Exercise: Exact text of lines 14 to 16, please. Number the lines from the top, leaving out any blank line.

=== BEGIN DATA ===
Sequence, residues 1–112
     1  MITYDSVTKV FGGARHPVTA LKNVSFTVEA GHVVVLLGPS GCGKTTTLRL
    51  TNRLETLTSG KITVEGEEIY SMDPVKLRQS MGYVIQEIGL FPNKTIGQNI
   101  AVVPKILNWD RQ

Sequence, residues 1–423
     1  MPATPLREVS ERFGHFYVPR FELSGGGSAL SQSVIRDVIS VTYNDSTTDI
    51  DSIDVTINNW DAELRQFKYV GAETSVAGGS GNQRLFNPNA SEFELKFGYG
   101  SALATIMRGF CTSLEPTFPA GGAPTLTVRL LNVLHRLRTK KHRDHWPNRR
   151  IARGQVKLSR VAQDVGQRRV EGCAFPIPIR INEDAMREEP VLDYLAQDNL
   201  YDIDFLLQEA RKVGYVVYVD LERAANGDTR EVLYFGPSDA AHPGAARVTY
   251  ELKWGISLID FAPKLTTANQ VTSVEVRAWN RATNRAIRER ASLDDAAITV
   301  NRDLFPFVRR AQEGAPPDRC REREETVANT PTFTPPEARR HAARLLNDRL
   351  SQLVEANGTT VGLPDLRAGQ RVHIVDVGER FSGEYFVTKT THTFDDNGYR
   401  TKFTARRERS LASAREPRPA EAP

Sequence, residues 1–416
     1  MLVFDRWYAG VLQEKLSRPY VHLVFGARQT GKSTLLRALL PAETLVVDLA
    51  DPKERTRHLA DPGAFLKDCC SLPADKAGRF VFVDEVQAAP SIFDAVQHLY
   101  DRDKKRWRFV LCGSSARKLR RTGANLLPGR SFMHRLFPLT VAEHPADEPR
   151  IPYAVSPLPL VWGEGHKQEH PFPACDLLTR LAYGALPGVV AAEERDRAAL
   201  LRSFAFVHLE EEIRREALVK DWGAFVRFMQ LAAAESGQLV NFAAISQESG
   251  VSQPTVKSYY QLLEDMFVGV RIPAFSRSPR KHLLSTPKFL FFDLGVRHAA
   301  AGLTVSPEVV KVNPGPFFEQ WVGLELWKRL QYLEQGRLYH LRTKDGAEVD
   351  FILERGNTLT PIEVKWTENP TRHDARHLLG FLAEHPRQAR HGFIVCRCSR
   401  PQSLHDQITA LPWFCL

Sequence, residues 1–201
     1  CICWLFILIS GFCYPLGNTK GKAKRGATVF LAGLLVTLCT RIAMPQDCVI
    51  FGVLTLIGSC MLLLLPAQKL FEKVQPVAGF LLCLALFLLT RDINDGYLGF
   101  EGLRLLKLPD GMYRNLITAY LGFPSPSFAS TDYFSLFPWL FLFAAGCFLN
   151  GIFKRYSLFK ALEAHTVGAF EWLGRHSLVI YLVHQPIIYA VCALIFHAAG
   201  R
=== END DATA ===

   401  TKFTARRERS LASAREPRPA EAP

Sequence, residues 1–416
     1  MLVFDRWYAG VLQEKLSRPY VHLVFGARQT GKSTLLRALL PAETLVVDLA